Volunteers

by Jerry Chiles, Coach, Consultant, and EQ trainer with the Barnabas Partnership

volunteerHow many times in the church have volunteers been recruited with the line “You can do it, it won’t take much time”, or “We really need you to fill this position.” Volunteers are not for filling slots but gifted persons who can make a difference. Volunteers of today are different than volunteers of the past. Guilt and duty are no longer reasons for people to volunteer. When people volunteer they want to make a difference.

In the following article, “Why Churches Can’t Get (and Keep) Volunteers,” Thomas G. Bandy says what volunteers want to get out of unpaid service is:

  • The joy of being part of a big, bold, powerful, exciting vision
  • New and deeper friendships that enhance their entire life
  • Sincere appreciation for not only their work, but for their personal gifts and individual qualities
  • Training that is so useful that they can apply it to their careers, families, and personal pursuits

If our volunteers are to have these experiences, we must awaken in them and help them recognize their passions and giftedness.

Why does an organization like Activate Good have 11,391 volunteers with 358 nonprofit partners?

I would say that this organization meets the criteria that volunteers are looking for as described by Brady.

Take an honest look at the church. Have we recognized what worked in the past may not work today? What are some of the ways we can connect to volunteers in a 21st century way?  Bob D’Ambrosio in “Three Roles for Leading Today’s Volunteer” asks the following questions:

  • Does your church website have an online volunteer sign up process?
  • Do you text your volunteers to stay in touch?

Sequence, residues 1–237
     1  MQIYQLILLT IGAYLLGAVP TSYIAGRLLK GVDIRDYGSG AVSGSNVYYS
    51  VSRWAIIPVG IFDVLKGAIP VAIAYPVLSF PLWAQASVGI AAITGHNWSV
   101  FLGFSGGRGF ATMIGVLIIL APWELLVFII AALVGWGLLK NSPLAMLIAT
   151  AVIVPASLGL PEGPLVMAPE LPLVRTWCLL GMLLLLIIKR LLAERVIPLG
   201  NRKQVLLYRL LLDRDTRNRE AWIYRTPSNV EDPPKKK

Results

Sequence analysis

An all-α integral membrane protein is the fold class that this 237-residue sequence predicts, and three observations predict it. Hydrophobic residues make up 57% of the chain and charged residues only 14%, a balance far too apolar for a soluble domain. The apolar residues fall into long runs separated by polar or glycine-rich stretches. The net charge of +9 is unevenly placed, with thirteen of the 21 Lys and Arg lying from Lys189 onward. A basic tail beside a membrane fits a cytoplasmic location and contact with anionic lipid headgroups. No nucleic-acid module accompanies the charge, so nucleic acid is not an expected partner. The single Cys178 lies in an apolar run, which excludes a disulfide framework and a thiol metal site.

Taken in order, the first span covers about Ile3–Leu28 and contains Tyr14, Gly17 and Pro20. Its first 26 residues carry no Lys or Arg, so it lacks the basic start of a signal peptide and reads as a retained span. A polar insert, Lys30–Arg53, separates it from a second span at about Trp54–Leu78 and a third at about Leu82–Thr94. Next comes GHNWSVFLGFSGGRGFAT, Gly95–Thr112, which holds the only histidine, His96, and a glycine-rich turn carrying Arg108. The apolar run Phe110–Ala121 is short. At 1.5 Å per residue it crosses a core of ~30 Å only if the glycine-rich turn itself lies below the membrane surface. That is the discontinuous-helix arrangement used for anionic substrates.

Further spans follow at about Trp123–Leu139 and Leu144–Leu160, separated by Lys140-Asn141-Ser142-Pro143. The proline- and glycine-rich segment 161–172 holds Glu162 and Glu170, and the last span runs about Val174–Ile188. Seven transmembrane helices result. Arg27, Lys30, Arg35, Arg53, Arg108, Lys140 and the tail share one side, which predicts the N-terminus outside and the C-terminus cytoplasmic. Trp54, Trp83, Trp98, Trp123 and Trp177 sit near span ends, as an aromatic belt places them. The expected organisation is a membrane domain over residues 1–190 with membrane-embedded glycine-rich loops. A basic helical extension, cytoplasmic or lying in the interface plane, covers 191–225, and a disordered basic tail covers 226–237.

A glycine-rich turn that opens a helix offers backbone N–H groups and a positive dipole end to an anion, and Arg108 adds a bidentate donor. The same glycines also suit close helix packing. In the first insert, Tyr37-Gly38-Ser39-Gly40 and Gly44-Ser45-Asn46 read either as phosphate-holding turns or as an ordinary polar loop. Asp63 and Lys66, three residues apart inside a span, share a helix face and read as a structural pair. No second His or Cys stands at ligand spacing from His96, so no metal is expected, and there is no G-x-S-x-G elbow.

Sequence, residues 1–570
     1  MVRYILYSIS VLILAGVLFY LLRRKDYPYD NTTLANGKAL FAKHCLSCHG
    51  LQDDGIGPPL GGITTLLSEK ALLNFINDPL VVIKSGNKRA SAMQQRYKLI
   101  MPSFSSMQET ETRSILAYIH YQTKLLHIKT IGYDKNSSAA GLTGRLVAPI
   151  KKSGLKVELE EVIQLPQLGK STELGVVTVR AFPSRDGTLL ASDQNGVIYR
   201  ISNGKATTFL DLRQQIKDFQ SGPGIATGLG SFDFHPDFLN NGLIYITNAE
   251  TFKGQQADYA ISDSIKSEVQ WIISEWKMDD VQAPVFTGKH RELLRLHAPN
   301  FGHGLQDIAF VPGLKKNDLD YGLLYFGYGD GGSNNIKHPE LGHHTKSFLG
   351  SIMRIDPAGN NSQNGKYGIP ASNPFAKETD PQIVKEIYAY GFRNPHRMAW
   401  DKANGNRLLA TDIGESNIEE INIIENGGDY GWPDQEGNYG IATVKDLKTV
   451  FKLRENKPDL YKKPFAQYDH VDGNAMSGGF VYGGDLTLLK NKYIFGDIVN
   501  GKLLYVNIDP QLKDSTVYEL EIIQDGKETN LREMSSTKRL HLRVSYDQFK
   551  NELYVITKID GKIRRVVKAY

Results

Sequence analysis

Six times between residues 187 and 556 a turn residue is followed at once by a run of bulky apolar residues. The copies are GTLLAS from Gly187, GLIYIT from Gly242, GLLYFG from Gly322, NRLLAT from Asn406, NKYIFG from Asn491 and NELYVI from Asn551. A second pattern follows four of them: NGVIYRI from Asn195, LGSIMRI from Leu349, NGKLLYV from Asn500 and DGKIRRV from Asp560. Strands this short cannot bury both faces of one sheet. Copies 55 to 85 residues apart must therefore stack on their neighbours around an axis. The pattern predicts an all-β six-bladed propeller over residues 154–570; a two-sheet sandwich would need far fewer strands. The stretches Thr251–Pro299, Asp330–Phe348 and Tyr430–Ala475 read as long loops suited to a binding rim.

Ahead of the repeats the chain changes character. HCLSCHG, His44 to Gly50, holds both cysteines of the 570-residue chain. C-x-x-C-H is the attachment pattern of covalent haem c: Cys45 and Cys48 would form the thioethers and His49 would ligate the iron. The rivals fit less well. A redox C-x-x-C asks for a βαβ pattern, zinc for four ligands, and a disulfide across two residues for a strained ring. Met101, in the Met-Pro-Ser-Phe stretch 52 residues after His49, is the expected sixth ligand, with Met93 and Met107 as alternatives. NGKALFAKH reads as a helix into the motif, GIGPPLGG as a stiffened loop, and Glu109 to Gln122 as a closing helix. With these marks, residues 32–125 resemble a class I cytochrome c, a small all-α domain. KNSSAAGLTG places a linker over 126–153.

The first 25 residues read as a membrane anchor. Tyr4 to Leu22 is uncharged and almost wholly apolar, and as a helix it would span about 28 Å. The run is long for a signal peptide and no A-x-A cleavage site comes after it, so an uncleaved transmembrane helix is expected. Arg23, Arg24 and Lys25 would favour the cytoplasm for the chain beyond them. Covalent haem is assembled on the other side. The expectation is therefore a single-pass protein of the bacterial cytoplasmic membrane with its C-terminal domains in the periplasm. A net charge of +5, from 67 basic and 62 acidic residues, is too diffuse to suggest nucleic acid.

• Have you led a volunteer training on Zoom or Skype?

While using these three questions may not work for you, we can learn from them. His first question deals with recruitment. Does the church make it easy or difficult to volunteer? Do we clearly communicate the expectations and needs to be accomplished? Do volunteers understand they can truly make a difference and that this cause is worth working for?

His second question deals with communication. Do volunteers know we are personally investing in them with our presence?  Do they know we care about them and want them to succeed? Do they know we will listen to them and respond to them even if the answer is not what they expected? Are we willing to be a coach for them giving them freedom to make choices?

The third question deals with leadership.  Can our ministry demonstrate the vision to be accomplished? Will we fight for the resources needed for the volunteers?   In other words, will we be an advocate for them? Can we help volunteers be a part of something bigger than themselves? Can we recognize and praise them and still hold them accountable? Do we have an open door policy for volunteers? Do we have a way of dealing with conflict in a positive way?

Bob D’Amboise says “change is necessary to be successful in equipping today’s volunteers. Whatever it takes, and however uncomfortable change may be, it is necessary to make our ministry, our churches, and our volunteers thrive in today’s culture.” Do volunteers thrive in the church?

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